Norwegian National Flower

Norwegian National Flower

Norwegian National Flower – did you know that there are two national flowers in Norway? Before we dive into those flowers, let’s have a look at the mysterious land of Norway.

Norway is a kingdom on its own. It is located in the northernmost part of Europe, but it’s not part of the European Union. The country is known for its extremely long coastline (more than 62.000 miles or 100.000 kilometers) and fjords. Fjords are small lakes with crystal clear water that feed from the water of mountains and melting glaciers. These small lakes are usually surrounded by tall mountains, offering unique views that will easily take your breath away.

Nature of Norway
Norway Nature

Norway became independent from Sweden in 1814, and the founder of the first king of Norway is considered to be Harald Fairhair. The neighboring countries of the Kingdom of Norway are Sweden, Finland, and Russia. But what makes Norway stand out from the rest of the countries of the world is its national flower. Norway has two national flowers. To be more exact, their national flowers – are Bergfrue (botanical name Saxifraga cotyledon) and the Heather plant (botanical name Calluna Vulgaris).

Norwegian National Flower – Bergfrue

Bergfrue or Saxifraga cotyledon, shortly known as Saxifraga. It is an evergreen plant that most commonly grows in the mountainous regions of Europe like Scandinavia, Iceland, the Pyrenees, and the Western Alps. When a plant is considered to be evergreen, it means that there is no difference of what is the current season; the plant will maintain its green color nevertheless of temperature, amount of precipitation, or rainfall. Hints for the flower’s growing environment can also be found in its translation. In translation, “Saxifraga Cotyledon” means mistress of the mountains.

Bergfrue Flower Description

The size of the plant is usually up to 8 inches or 20 centimeters but can reach up to 24 inches or 60 centimeters at the peak of its season (from May to June). During those two months, the Norwegian national flower also starts to bloom. When blooming, this almost unnoticeable flower starts to grow white and pink blunt blossoms. It also begins to take a pyramidal shape and grow in height rather than in width.

Norwegian national flower – Bergfrue

It became the Norwegian national flower in 1935, but until today, the people of Norway have not fully accepted it as their national flower.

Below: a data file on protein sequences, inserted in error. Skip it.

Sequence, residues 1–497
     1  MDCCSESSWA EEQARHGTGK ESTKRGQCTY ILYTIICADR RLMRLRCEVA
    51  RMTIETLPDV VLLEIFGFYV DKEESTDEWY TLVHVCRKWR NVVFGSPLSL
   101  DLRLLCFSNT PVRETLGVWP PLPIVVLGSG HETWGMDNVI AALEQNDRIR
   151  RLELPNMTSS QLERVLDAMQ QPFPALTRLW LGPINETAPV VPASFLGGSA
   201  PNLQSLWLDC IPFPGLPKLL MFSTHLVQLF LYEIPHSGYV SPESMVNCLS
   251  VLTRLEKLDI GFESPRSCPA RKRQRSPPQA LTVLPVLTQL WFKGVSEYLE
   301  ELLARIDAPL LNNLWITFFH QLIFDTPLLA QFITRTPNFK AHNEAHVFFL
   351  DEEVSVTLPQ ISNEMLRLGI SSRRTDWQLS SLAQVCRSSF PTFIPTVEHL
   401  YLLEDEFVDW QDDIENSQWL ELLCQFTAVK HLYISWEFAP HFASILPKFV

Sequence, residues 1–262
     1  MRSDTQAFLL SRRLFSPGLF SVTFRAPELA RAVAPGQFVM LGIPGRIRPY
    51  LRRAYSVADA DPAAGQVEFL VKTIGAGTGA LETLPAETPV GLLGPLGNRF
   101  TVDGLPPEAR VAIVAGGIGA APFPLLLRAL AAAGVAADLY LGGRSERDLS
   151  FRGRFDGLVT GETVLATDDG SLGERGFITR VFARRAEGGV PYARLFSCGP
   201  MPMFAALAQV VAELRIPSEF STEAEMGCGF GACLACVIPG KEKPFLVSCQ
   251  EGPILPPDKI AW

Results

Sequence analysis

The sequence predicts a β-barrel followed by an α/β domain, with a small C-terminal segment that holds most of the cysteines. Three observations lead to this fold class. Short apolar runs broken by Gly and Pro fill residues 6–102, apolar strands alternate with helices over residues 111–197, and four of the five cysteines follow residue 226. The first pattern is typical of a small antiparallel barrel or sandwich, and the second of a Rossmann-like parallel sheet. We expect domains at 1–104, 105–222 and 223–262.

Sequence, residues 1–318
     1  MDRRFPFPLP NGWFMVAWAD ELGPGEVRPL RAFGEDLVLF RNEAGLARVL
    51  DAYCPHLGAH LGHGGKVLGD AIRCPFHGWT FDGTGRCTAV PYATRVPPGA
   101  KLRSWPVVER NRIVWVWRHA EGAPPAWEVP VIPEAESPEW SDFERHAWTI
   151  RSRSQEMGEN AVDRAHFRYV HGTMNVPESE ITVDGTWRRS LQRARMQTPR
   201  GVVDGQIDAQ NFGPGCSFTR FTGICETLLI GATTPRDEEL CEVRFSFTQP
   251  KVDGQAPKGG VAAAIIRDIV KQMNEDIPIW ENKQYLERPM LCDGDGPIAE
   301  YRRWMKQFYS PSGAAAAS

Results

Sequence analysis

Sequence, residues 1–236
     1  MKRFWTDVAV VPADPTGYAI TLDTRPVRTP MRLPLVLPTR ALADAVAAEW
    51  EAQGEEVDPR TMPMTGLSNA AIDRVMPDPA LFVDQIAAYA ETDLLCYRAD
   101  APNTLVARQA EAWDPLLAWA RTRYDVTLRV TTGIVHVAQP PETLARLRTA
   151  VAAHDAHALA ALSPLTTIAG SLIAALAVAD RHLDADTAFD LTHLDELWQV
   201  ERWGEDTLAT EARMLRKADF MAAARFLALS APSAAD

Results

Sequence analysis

Why Norwegians Haven’t Accepted Bergfrue

The reason behind that is simple but rather interesting – it was entitled as the nation’s flower in Amsterdam’s international botanical congress, and the decision was made by horticulturists. Horticulturists are people who know everything about flowers, so one could think they made the best possible decision. Yes, their choice was amazing, but they did not discuss their options with Norwegians, and that’s where the hatchet is buried.

Norwegian National Flower – The Heather

The Heather or Rosslyn or just shortly called the Ling. This flower or plant is similar to Bergfure, an evergreen plant, so it does not lose its color or leaves during the winter months. It can be found almost everywhere – all over Europe, Iceland, Asia, the Faroe Islands, North America, the Azores, Australia, New Zealand, Falkland Islands.

Norwegian national flower – the Heather
Norwegian national flower – the Heather

The Heather Flower Description

The size of the Norwegian national flower typically ranges from 8 to 20 inches or 20 to 50 centimeters. The largest heather plants have been found to be up to a whopping 40 inches or 100 centimeters in size. Heather flowers have small leaves and range from 1/16 inches or 2 millimeters to 3/16 inches or 5 millimeters.

The flower blossoms from July to September. During that period, it has a color of pink or mauve, sometimes even white. If you live in a country with harsh winters, it is not a problem for the Ling plant. It is known to be very cold-hardy and can withstand temperatures lower than -4 Fahrenheit or -20 degrees. Just like a perfect winter temperature in Norway!

Rosslyn plants love to grow on open fields with loads of sunlight and acidic soils. Most of those soils are located near or at bogs. Bogs are areas with wet and muddy ground that is rather soft and typically cannot carry a weight of a human, meaning it’s almost like a swamp. Other ideal growing locations are oak and pine forests. So, if one would like to start growing a heather plant at home, they might find help by covering their flowerbeds with Pine Bark Mulch.

Why Norwegians Have Accepted the Heather

The Heather plant is a Norwegian national flower that the Norwegians truly love. The reason behind that is simple. As people were not satisfied with the selection made by the horticulturists, they wanted to choose their true national flower. In 1976 the biggest radio station in Norway there aired a show where locals could vote for their desired flower. The people of Norway chose the Heather plant. It is said that the decision was made while relying on one of the most loved outdoor activities in Norway – hiking in clean nature. The Heather plant can easily be seen in nature, nevertheless of your location or path.